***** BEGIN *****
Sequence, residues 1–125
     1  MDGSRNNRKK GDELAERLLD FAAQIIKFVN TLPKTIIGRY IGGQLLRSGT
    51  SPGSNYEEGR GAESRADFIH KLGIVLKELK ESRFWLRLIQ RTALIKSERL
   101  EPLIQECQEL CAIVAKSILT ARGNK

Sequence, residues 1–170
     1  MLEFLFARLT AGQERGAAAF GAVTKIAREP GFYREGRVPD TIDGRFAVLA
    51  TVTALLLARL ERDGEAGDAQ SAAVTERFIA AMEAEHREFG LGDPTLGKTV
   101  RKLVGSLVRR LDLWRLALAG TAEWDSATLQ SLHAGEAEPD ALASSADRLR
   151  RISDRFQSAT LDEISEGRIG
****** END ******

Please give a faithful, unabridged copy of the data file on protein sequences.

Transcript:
Sequence, residues 1–125
     1  MDGSRNNRKK GDELAERLLD FAAQIIKFVN TLPKTIIGRY IGGQLLRSGT
    51  SPGSNYEEGR GAESRADFIH KLGIVLKELK ESRFWLRLIQ RTALIKSERL
   101  EPLIQECQEL CAIVAKSILT ARGNK

Sequence, residues 1–170
     1  MLEFLFARLT AGQERGAAAF GAVTKIAREP GFYREGRVPD TIDGRFAVLA
    51  TVTALLLARL ERDGEAGDAQ SAAVTERFIA AMEAEHREFG LGDPTLGKTV
   101  RKLVGSLVRR LDLWRLALAG TAEWDSATLQ SLHAGEAEPD ALASSADRLR
   151  RISDRFQSAT LDEISEGRIG